The vast majority of travelers that spend time on Historic Route 66 are familiar with the 2006 Disney/Pixar film Cars. The animated movie tells the story of Lightning McQueen, a race car that finds himself stuck in the small western Route 66 town of Radiator Springs. The town is the home of many colorful characters and does a superb job of distilling the Route 66 experience into a piece of pop culture that continues to inspire people to take their own trips down the road.
A lot of towns along the 2,440 miles of Highway 66 claim that they are the real Radiator Springs. Truthfully, the town in the movie is an amalgam of the road. For example: Ramone’s Body Shop is the U-Drop Inn from Shamrock, TX. Radiator Springs Curio Shop is a mix of MANY roadside shops on the road, including the Sandhills Curiosity Shoppe in Erick, OK and the Jackrabbit Trading Post in Joseph City, AZ. The Cozy Cone Motel is based on the Wigwam Motel (there’s one in Holbrook, AZ and one in San Bernardino, CA). And so many other touches from so many other places.
The cars themselves were also mostly inspired by real people from the Mother Road. Sally Carrera came from Dawn Welch, the owner of the Rock Cafe that came to Stroud Oklahoma “temporarily” and fell in love with the place. Fillmore came from Bob Waldmire, the hippie artist and road wanderer that still has beautiful work all along the road. Doc Hudson is inspired by Paul Newman himself, who also had a career as a race car driver. Mater, who has become the most popular character of them all, has several inspirations – we’ll get to that in a moment.
The Sheriff of Radiator Springs is famously voiced by Michael Wallis, author of Route 66: The Mother Road. Wallis also led the Pixar team down the road itself in 2001, while the Cars story was being crafted. It was on this trip that the writers and animators saw the locations and met the people that would later come together to become Radiator Springs. The initial inspiration for Mater came from their stop in Galena, Kansas.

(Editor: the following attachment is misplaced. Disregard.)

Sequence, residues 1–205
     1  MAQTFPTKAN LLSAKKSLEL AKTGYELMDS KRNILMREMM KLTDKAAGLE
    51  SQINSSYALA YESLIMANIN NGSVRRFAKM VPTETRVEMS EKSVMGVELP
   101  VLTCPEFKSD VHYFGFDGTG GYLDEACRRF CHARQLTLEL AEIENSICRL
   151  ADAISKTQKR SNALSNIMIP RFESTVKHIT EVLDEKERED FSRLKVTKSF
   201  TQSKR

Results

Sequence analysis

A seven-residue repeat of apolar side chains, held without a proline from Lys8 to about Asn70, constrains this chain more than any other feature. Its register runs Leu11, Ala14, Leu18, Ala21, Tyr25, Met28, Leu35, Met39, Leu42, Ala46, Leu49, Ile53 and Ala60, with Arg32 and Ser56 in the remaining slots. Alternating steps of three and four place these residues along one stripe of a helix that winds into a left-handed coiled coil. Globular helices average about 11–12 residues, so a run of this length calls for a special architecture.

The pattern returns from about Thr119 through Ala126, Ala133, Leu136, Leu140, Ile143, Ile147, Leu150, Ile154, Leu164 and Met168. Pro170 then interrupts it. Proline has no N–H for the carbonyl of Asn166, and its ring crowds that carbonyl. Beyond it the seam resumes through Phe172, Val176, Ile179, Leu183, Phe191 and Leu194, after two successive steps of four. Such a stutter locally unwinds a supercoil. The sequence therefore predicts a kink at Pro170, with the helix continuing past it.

An old, rusted 1951 International Harvester boom truck sitting next to an abandoned gas station caught the eye of Joe Ranft. Photos were taken and sketches were made. Mater’s design was refined as the story took shape, but it was this truck that came first. Today, this truck sits outside of that same service station – no longer abandoned, but now a popular gift shop and restaurant called Cars on the Route.
Other parts of Galena have fully leaned in to the Cars iconography, too. There’s a collection on the edge of town with tipped tractors, Luigi’s Pit Stop, and a Sheriff car on a pole. After today, there’s another piece of Cars in Galena to visit.
Gearhead Curios unveiled a “Doc Hudson” Hornet at their former Texaco station on August 22nd. The station is being converted into a gift shop; it’s another iconic Route 66 photo op in this town of 2800.
Who else inspired Mater, you might ask? Well, surely there are many more…but there are two other folks that jump immediately to mind.
‘Crazy Legs’ Dean Walker from Baxter Springs, Kansas can turn his feet all the way around 180 degrees. That’s why Mater is so good at driving backwards.
Harley Russell, the Mediocre Music Maker from Erick, Oklahoma is a wild character. He classifies himself as “an experience” and I cannot argue with his logic. If you’ve ever stopped by to seem “rednecks work and play in their own environment” as he and his late wife Annabelle would say, you know what I mean. If you haven’t been there — well, it’s tough to explain. But once you know Harley, you can definitely see how his unconventional style worked its way into Mater’s heritage.
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